Vikings: Valhalla is the newest sensation right now, thanks to how it was able to mix a great storyline with a lot of different action scenes and battles. Of course, one of the most defining battle scenes in this Netflix original is the Siege of London, wherein King Canute’s forces were able to defeat the English armies thanks to how they were able to destroy London Bridge. But did the destruction of London Bridge really happen?
The destruction of London Bridge did indeed happen during the Viking siege on London during the 11thcentury. Historical accounts suggest that King Olaf’s ships were responsible for destroying the bridge by pulling the foundations away. As such, it wasn’t Leif Eriksson who destroyed the bridge.
One of the things that you should know about Vikings: Valhalla is that plenty of the different events that happened in this series are based on historical accounts. As such, the destruction of London Bridge was one of them. But, because there were changes introduced to the events in the series, let’s get behind what truly happened when London Bridge fell down.
Did Vikings Destroy London Bridge?
Netflix’s Vikings: Valhalla is becoming more and more prominent today as more and more people have been watching it since it was released on February 25, 2022. That said, like Vikings, Vikings: Valhalla is based on real people and true historical events that happened in the past. As such, a lot of the things that happened in the series are based on actual events.
One such event that became one of the more important events in the series was the destruction of London Bridge because that was what allowed King Canute’s forces to march into London and take England for themselves. But did the Vikings really destroy London Bridge?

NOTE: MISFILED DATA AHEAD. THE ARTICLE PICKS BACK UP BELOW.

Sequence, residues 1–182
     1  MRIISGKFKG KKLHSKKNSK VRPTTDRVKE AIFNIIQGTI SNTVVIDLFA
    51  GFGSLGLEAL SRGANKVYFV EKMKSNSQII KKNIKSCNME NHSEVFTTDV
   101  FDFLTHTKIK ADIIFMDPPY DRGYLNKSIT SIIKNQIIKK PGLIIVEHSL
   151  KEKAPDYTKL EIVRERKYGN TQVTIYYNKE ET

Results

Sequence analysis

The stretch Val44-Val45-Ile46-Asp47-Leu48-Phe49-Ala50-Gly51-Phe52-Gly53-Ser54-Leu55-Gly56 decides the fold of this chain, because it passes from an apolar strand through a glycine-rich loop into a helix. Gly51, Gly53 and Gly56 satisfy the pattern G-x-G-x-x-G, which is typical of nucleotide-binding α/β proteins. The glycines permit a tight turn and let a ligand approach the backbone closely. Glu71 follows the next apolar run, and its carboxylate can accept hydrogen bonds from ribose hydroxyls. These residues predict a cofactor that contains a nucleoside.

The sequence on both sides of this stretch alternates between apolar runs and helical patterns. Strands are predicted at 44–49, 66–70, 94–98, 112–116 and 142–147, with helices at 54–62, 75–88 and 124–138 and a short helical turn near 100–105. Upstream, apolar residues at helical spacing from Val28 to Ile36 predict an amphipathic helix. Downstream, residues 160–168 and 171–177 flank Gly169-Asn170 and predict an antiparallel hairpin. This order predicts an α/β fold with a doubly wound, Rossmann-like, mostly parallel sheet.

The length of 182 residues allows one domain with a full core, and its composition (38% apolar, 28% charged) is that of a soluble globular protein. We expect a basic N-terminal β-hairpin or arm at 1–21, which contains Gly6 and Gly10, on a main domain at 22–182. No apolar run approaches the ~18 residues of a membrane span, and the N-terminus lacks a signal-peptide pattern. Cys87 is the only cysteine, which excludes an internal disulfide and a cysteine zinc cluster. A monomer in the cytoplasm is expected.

A lot of people are familiar with the nursery rhyme that goes, “London Bridge is falling down.” The first verse of the rhyme goes:
London Bridge is falling down
Falling down, falling down
London Bridge is falling down
My fair lady
However, the truth is that there is a much darker past to this nursery rhyme as it is actually based on the historical destruction of London Bridge. That’s why the original version of the song, as translated from the Heimskringla, goes:
London Bridge is broken down. —
Gold is won, and bright renown.
Hild is shouting in the din!
Mail-coats ringing —
Odin makes our Olaf win!
As you can guess from the original version, there was possibly a battle that happened during the fall of London Bridge. Shields were resounding, and war horns were sounding when the event happened. Of course, the name “Olaf” is mentioned in the song.
This could possibly mean that London Bridge did indeed fall down during the battle that involved the Viking invaders and the Englishmen during the beginning of the second millennium. As such, the destruction of London Bridge did indeed happen a long time ago at the hands of the Vikings when they took over England during the 11th century.
Was The Destruction Of London Bridge Leif Erikson’s Idea?